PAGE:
Overseas Civilian Contractors

News and issues relating to Civilian Contractors working Overseas

Afghans extends deadline on private security ban

Associated Press  March 18, 2012

KABUL, Afghanistan (AP) — The Afghan government is giving companies extensions ranging from a few weeks to 90 days to change from private security guards to a government-run force, officials said Sunday.

The reprieve comes just three days before the March 21 deadline that the Afghan government had set for the majority of companies to start using government-provided security.

Private development companies have said the move is threatening billions in U.S. aid to the country because companies would delay projects or leave altogether because they didn’t feel safe using strictly local security over whose training and procedures they have little control.

President Hamid Karzai has railed for years against the large number of guns-for-hire in Afghanistan, saying private security companies skirt the law and risk becoming militias.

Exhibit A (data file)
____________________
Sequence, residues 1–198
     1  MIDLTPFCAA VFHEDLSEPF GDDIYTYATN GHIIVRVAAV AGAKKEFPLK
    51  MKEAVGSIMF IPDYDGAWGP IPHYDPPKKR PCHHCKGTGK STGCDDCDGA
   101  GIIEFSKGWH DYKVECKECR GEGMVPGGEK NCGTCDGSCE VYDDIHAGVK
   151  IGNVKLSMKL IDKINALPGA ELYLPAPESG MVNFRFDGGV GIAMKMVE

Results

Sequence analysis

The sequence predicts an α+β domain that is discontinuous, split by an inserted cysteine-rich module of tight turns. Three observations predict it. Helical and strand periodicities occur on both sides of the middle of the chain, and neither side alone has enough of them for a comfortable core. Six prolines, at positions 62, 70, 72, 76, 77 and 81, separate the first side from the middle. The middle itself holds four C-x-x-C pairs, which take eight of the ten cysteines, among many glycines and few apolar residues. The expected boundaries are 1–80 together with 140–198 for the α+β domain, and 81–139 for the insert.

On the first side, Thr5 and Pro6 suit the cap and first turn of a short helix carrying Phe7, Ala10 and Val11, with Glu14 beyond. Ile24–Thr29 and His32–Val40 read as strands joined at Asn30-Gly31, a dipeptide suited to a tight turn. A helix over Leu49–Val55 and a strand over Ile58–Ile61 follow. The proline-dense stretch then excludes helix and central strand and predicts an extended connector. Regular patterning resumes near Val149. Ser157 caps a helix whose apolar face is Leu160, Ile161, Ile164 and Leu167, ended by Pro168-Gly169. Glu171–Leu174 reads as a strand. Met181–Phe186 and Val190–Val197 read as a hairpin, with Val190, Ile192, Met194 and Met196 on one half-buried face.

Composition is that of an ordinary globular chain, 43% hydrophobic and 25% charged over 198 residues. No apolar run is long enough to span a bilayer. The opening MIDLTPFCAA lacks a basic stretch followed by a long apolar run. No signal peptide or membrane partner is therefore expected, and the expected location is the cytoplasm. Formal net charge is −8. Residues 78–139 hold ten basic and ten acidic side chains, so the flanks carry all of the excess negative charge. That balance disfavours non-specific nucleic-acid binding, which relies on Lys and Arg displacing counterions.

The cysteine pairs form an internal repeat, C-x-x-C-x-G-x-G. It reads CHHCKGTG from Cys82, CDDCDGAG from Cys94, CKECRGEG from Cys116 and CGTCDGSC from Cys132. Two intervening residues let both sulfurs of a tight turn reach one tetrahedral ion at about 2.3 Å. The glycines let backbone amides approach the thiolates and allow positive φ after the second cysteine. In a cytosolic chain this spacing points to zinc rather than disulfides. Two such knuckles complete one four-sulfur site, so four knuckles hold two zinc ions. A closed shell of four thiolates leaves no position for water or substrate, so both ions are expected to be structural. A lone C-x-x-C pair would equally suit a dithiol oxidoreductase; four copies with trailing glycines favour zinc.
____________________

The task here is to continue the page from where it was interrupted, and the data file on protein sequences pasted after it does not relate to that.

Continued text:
It’s been part of Karzai’s larger push for more control over the way his international allies operate in Afghanistan, as seen most recently in his call for NATO troops to pull back from village outposts and to hand over security responsibilities to Afghans more quickly.

Karzai said in 2009 that he wanted private security firms abolished and eventually set the March deadline for all companies except military or diplomatic facilities to use government guards. The ban would effectively end the wide-scale presence of foreigners acting as security contractors, an industry that boomed after the invasions of Iraq and Afghanistan.

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March 18, 2012 - Posted by | Afghanistan, Legal Jurisdictions, Private Security Contractor, USAID | , , , ,

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